Footprints on the Moon

Publication Date: 2 Feb. 2021
Format: Paperback / softback

ISBN 9780702262838

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    Humans are about to leave footprints on the moon, but what sort of mark can one girl make here on earth?

    It’s 1969 and life is changing fast. Sharnie Burley is starting high school and finding it tough to make new friends. As the world waits to see if humans will land on the moon, the Vietnam War rages overseas. While her little cousin, Lewis, makes pretend moon boots, young men are being called up to fight, sometimes without having any choice in the matter. Sometimes without ever coming home.

    Dad thinks serving your country in a war is honourable, but when Sharnie’s older sister, Cas, meets a returned soldier and stars getting involved in anti-war protests, a rift in their family begins to show. Sharnie would usually turn to her grandma for support, but lately Gran’s been forgetting things.

    Can she find her own way in this brave new world?


    Book Type: Junior Chapter
    Age Group: 10 to 15 years
    Traffic Lights: Green/Amber
    Class Novel: Yes
    Good Reads Rating: 5/5
    Literary Rating: 5/5


    Sharnie starts high school in the midst of a changing world. The Space Race is coming to a head, young men are being conscripted to the Vietnam War… and her older sister Cas doesn’t have time for her anymore. Cas is worried about the war—she says conscription is unfair and that Vietnam veterans are treated poorly if they return from service.

    Sharnie can’t understand why her sister’s so passionate about making a difference in their small town. Luckily, she still has her grandmother to talk to. But her grandmother is starting to lose her memory. As they spend time gardening together, Sharnie learns about her grandfather, who died in New Guinea. Through his story she begins to understand the grief of veterans’ families.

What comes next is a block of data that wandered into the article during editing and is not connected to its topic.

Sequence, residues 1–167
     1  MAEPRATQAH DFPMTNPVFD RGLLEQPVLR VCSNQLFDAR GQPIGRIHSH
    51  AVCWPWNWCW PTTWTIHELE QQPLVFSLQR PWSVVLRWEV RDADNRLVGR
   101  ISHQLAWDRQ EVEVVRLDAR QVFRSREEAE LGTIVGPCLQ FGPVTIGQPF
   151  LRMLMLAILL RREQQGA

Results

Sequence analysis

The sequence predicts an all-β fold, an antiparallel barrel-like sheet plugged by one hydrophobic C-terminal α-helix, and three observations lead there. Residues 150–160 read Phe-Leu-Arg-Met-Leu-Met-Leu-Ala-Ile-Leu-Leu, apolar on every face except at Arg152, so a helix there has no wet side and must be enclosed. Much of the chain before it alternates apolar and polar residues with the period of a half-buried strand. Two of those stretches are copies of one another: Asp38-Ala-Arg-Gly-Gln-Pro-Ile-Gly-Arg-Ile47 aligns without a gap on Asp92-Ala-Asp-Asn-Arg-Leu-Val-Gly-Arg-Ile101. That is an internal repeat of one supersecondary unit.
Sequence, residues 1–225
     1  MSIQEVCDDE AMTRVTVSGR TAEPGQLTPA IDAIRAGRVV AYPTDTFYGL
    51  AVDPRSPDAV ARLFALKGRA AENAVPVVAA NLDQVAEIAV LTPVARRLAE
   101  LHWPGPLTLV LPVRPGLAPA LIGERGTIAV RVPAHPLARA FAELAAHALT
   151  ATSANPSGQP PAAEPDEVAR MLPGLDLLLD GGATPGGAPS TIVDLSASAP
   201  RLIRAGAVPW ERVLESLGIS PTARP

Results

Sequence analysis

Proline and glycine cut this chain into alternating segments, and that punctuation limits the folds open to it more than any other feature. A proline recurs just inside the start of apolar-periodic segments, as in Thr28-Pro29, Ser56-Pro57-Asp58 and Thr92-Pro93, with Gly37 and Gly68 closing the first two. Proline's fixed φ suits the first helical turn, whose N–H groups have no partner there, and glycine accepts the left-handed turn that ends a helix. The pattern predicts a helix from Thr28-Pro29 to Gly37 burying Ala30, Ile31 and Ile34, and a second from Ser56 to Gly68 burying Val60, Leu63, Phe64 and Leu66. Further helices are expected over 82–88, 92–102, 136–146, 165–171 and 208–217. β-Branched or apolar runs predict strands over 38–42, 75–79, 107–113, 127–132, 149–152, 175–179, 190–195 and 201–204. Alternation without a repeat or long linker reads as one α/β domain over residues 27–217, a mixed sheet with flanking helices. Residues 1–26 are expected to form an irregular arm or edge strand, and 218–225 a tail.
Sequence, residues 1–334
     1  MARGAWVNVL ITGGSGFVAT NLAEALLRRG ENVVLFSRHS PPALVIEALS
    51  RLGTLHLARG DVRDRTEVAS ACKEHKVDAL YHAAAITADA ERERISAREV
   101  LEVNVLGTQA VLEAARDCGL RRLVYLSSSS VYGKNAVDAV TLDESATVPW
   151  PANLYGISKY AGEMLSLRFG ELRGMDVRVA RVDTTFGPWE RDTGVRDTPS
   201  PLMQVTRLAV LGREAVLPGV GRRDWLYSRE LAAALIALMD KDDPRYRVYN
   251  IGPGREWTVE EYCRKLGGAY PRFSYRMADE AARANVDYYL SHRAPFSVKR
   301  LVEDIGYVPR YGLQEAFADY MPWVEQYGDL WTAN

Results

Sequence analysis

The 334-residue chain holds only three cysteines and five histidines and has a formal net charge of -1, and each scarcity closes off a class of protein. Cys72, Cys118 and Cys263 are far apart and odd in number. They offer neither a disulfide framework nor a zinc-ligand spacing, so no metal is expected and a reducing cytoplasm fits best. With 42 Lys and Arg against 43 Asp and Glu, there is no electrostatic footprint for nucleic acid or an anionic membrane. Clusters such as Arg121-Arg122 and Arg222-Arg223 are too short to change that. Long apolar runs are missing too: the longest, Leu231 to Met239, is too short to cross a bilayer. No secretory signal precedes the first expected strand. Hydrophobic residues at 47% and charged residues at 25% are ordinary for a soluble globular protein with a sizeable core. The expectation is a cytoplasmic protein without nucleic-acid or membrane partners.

At school, her best friend Mia is drifting away, more interested in spending time with popular girls Ellie and Marg—the girls who are always calling people communists for questioning the war. Gail, an unpopular girl, often attracts their attention. Sharnie stands up for her, and the two strike up a friendship. Sharnie learns that Gail’s brother was conscripted, and died in Vietnam.

    On ANZAC day, Sharnie’s family go to the service to pay their respects to her grandfather. Cas doesn’t come, and there’s an anti-war protest at the service. Sharnie thinks she sees Cas in the crowd. At school, their principal warns that if any of the students were involved they’ll be expelled. At home, Sharnie’s father finds a protest poster in Cas’s things and warns her not to get involved. He says it’s unpatriotic and a distraction from her studies. But Cas won’t be convinced—what use is university when people are dying?

    When Sharnie’s grandmother passes away, her friendship with Gail is her one lifeline. They work on a poster about the moon landing for a competition at school, and find a way to convey a peaceful sentiment—an astronaut looking at earth and commenting that we could use a Sea of Tranquility. The girls come second in the competition and speak to a reporter about it: Sharnie says that they’re dedicating the poster to Gail’s brother.

    Cas and her friends show up at the competition and peacefully protest the war. Sharnie stands beside them.

    This is a beautiful verse novel about change, grief, activism, and hope. Though Sharnie, Gail, and Cas are grieving, they find a way to fight against injustice and make their world a better place. Set against the backdrop of the space race, Sharnie’s musings about footprints on the moon—the legacy we leave behind—are both charming and poignant. The verse is excellent—a lyrical, yet easy read. Overall, a highly enjoyable and powerful book.


    change, high school, friendship, bullying, grief, family, activism, Vietnam War, protests, hope

    Content Notes

    Sharnie’s grandmother dies off-page, related to her by her mother (p.109). Mention that her grandfather and Gail’s brother died in wars.

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